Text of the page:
Middle Rock isn’t as exposed as Indian Head because Indian Head protects this little bay, and the rock fishing is generally quite safe. The quality of the fishing here depends on how much sand has built up in front of the rocks. On those perfect clear days not much happens because it’s just too calm and too clear. It’s better when there’s a bit of an outer bank that the waves partially break over, giving some whitewater for the fish to hide under.
One of the better fishing spots is the group rocks north of here, and since the recent closure to all traffic of South Waddy Beach you have no choice but to walk to this crop of rocks. It’s actually still classed as Middle Rock but I’d rather walk down from the track at the back of Waddy Point than walk from the Middle Rock carpark.
There are a couple of reasons for this. Firstly, you can see where your car is and it will probably be only other anglers who will be parked around there. Once you leave the car it’s about 1.5km south to the rocks. You walk past some good gutters here and a keen eye will soon pick up any fish out in the waves.
Once you get to the rocks there’s a reasonable area to fish from and there tends to be a bit more whitewater out in front and some good weed growth on the rocks. Those anglers who enjoy chasing a few jew can sit here at night with baits out and catch the odd smaller school jew.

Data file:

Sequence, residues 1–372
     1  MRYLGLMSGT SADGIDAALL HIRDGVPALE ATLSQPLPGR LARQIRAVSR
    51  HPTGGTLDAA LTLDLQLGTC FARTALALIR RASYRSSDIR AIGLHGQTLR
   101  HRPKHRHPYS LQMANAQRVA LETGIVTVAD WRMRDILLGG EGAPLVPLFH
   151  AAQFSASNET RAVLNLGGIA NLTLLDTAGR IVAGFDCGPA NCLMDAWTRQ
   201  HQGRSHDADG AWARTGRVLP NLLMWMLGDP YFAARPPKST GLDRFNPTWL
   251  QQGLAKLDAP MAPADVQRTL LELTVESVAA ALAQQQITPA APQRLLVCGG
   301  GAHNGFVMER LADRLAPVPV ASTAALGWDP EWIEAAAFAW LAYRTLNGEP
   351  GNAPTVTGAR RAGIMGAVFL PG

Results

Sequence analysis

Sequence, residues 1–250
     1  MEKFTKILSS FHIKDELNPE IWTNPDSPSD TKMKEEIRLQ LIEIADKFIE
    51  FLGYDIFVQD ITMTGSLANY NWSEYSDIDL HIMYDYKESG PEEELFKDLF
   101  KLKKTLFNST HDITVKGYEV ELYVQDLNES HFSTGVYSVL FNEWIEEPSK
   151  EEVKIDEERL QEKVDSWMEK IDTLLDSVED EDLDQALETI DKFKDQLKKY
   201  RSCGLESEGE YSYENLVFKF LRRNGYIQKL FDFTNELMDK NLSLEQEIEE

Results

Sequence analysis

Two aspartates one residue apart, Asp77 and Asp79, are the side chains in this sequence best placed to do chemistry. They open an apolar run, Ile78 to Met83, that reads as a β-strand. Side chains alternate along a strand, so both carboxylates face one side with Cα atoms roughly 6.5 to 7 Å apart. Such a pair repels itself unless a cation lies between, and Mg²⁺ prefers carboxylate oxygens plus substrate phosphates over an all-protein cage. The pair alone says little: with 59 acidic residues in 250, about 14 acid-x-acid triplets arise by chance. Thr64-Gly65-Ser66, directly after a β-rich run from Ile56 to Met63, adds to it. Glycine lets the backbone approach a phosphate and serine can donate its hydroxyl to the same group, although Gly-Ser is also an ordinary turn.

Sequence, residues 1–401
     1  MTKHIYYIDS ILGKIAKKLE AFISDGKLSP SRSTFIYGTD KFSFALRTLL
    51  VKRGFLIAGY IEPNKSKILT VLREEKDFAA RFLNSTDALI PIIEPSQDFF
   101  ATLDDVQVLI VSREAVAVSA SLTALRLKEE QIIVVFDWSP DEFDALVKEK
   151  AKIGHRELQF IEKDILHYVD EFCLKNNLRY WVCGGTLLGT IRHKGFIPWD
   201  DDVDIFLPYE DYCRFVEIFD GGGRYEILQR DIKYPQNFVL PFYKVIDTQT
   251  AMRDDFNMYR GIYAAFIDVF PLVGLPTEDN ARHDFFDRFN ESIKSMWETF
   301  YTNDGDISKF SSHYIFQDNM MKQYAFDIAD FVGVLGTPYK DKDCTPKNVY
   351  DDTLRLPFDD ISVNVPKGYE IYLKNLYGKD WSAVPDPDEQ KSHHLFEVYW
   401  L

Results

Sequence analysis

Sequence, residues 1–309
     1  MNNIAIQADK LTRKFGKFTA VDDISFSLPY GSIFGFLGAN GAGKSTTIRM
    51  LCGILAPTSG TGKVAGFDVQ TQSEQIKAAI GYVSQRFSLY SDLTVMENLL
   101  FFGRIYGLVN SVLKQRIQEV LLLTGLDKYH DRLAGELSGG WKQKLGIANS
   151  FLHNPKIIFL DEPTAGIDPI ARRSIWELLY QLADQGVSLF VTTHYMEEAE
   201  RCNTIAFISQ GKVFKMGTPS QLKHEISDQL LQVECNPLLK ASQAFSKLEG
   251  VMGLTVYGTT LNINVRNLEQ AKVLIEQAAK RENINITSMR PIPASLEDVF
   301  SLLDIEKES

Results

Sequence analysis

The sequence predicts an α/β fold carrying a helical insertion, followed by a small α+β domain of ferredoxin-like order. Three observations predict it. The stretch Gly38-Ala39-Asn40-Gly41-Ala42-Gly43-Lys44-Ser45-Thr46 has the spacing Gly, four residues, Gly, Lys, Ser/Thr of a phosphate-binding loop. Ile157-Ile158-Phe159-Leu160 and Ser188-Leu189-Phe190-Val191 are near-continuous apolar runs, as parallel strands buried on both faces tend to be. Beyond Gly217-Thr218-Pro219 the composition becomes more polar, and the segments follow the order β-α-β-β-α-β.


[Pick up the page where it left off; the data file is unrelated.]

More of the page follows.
The track from Middle Rock around to Waddy Point will take you about half an hour, with most of the major trouble spots boarded to make life a bit easier. As you get to the end of the track you can either turn off and come down past the Waddy Point Ranger Station or go a little further and come down on the beach just south of Orchid Beach. The track also continues past the back of the old resort and to the Orchid Beach trading centre and airfield. The Orchid Beach Trading Post has fuel, gas, ice, phone, supplies and a basic workshop.
Because camping is restricted around Indian Head and none at Middle Rock, the next place to camp is at Waddy Point, either along the front of the beach or in the designated camping grounds near the Ranger Station. The camping grounds on the beach are undergoing a few changes and I believe there will only be 40 sites available which must be booked. There’s ample room over the back with toilets, showers and BBQ facilities, but you can’t see the beach.
There’s plenty of firewood at the back of the Ranger Station because you can’t cut down or collect local timber. A reader pointed out my slip-up in the first part of this series when I said you have to bring your own firewood if you camp right down the southern end near the old mining jetty site. You actually can’t bring in foreign timber to a National Park and because there’s no collecting of timber you’ll have to take a drive up to Eurong to get some firewood. If you’re lucky the previous campers might have left some to save you a drive up the beach.